This may seem to some readers to be a personal quirk of Kristol's. Perhaps as he approaches Eternity (he's 77), he may want some grand company there. But Kristol's friend and colleague Robert Bork is claiming the same thing: Charles Darwin and his theories are finished. In his new work, Slouching Towards Gomorrah: Modern Liberalism and American Decline, Bork pins his own anti-evolutionary attack on Darwin's Black Box: The Biochemical Challenge to Evolution, a recent book by biochemist Michael Behe. Bork declares that Behe "has shown that Darwinism cannot explain life as we know it." He adds approvingly that the book "may be read as the modern, scientific version of the argument from design to the existence of a designer." Bork triumphantly concludes: "Religion will no longer have to fight scientific atheism with unsupported faith. The presumption has shifted, and naturalist atheism and secular humanism are on the defensive."

Are these merely two isolated intellectual voices preaching that old-time design? Hardly. Last summer, the Ethics and Public Policy Center, a think tank devoted to studying the role of religion in public policy, and now headed by neoconservative Elliott Abrams, called together a group of conservative intellectuals, including Kristol, his wife, Gertrude Himmelfarb, and Hoover Institution fellow Tom Bethell, to listen to anti-Darwin presentations by Behe and Michael Denton, author of Evolution: A Theory in Crisis. Himmelfarb has told at least one colleague that she, too, thinks the Behe book "excellent."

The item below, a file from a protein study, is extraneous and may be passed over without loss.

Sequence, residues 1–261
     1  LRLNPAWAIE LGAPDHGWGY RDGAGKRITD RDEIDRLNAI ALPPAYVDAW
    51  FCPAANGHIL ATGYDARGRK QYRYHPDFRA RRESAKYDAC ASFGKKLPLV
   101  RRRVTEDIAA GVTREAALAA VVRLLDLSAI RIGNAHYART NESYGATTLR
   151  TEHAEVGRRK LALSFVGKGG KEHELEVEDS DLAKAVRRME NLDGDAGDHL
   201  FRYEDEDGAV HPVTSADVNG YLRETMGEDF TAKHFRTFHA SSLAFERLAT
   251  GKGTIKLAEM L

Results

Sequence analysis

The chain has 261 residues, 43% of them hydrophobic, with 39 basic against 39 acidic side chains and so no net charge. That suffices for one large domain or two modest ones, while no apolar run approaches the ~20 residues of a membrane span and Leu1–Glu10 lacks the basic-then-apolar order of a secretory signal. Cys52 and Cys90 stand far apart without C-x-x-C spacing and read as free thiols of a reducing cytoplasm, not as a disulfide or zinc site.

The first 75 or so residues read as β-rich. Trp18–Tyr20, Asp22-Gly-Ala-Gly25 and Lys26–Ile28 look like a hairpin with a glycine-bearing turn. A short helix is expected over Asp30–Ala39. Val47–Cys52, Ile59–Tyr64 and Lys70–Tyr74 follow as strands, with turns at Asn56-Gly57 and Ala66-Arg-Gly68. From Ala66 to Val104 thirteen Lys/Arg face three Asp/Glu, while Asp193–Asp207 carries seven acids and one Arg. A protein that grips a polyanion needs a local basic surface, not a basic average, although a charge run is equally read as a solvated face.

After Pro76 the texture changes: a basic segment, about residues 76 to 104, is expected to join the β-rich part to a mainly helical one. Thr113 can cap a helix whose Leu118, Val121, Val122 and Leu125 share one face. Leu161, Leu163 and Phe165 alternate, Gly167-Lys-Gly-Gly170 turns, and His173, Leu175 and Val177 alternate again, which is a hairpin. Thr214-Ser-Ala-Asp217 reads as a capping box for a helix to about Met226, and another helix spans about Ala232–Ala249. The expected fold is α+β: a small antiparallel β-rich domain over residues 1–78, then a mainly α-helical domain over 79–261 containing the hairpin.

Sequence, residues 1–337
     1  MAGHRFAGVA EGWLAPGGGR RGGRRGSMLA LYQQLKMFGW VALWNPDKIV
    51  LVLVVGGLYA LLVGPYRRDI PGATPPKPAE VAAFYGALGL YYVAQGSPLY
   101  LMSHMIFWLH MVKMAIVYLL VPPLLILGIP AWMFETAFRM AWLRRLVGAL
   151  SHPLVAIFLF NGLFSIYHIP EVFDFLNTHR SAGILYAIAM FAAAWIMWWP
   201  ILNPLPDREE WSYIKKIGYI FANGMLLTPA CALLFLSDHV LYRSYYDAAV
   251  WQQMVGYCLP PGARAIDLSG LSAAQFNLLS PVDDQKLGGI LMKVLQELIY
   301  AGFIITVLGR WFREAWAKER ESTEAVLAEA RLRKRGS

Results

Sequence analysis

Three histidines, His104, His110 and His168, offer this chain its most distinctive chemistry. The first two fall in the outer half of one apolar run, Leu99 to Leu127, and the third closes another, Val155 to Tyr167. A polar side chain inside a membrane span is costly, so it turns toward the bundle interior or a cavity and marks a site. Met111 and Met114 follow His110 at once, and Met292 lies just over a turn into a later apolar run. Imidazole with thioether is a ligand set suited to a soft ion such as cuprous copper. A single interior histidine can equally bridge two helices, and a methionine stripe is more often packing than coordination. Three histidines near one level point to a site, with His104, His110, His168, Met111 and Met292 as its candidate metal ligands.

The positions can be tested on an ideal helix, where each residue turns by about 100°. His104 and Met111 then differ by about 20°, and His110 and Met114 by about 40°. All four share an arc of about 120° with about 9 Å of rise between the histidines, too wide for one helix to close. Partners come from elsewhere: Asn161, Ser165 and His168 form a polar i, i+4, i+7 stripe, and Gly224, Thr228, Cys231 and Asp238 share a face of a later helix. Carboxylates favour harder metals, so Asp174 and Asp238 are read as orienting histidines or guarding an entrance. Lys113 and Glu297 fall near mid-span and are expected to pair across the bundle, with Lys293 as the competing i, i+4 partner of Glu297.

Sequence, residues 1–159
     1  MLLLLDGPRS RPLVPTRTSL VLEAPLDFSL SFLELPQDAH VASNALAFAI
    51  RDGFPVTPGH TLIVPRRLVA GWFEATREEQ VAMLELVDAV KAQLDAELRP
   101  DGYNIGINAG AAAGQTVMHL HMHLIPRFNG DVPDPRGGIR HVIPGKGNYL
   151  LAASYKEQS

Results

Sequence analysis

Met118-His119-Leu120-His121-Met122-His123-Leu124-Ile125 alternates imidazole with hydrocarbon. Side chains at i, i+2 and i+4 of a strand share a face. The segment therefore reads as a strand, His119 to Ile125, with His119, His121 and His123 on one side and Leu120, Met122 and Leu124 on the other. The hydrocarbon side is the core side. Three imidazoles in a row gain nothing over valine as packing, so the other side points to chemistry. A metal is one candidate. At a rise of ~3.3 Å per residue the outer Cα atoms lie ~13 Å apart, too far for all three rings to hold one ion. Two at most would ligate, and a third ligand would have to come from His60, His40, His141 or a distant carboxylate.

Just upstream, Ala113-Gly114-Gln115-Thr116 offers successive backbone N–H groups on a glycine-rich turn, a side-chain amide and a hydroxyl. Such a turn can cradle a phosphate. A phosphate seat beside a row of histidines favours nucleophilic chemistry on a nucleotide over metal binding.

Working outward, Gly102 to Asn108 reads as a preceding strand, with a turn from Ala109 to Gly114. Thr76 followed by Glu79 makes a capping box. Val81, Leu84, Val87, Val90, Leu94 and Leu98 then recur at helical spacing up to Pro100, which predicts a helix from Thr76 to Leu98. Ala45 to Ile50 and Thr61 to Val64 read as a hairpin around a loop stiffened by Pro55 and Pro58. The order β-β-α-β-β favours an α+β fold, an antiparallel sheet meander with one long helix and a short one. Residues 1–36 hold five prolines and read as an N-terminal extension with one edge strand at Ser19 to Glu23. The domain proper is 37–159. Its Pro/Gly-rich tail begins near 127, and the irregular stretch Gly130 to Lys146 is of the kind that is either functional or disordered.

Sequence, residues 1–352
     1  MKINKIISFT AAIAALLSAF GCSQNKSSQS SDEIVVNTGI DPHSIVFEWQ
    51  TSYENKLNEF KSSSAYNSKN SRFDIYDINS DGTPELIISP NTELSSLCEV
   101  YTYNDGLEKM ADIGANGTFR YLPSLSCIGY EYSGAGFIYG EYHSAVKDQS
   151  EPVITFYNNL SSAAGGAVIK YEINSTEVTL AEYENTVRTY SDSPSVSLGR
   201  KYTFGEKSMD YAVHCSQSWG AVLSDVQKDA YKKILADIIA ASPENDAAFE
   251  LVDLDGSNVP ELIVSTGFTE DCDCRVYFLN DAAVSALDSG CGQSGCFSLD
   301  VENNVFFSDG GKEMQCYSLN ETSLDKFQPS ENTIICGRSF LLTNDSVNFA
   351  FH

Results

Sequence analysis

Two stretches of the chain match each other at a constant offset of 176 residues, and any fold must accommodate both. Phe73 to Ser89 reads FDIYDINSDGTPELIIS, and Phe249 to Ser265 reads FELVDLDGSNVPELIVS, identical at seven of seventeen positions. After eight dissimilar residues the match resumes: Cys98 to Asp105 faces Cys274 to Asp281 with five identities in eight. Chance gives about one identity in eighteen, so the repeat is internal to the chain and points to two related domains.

There's yet more. The neoconservative journal Commentary, of all periodicals, joined this attack last June with a cover essay, "The Deniable Darwin," written by mathematician David Berlinski.

"An act of intelligence is required to bring even a thimble into being," wrote Berlinski, "why should the artifacts of life be different?" Berlinski warmly endorsed Behe's book, praising it as "an extraordinary piece of work that will come to be regarded as one of the most important books ever written about Darwinian theory. No one can propose to defend Darwin without meeting the challenges set out in this superbly written and compelling book." Commentary Editor Neal Kozodoy says he was "delighted" that his magazine served as a "forum for airing this issue." Berlinski "hit a nerve," according to Kozodoy, not only among the scientists he criticized, but "out there, among general readers, many of whom seem preoccupied with the issues he raised."